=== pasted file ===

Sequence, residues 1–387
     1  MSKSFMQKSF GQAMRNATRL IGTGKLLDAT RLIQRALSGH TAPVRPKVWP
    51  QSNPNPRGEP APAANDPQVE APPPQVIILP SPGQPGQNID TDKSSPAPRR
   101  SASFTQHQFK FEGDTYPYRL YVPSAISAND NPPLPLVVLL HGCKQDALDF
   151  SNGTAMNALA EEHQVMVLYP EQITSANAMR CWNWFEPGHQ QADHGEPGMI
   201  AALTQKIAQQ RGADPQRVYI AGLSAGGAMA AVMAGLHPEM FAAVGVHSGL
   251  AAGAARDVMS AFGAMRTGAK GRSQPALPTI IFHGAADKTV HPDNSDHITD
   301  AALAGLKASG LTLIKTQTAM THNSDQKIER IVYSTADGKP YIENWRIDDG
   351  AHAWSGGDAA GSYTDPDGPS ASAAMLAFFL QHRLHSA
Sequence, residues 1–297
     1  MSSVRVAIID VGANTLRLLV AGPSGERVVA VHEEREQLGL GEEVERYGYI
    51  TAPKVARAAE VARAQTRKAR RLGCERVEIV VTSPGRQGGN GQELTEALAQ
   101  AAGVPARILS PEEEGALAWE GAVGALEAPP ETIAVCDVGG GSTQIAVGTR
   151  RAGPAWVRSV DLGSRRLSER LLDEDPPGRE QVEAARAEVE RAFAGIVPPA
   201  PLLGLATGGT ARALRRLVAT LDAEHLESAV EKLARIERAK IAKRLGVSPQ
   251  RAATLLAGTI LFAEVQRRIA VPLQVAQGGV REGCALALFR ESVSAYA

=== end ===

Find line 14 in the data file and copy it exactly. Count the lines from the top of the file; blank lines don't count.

   151  RAGPAWVRSV DLGSRRLSER LLDEDPPGRE QVEAARAEVE RAFAGIVPPA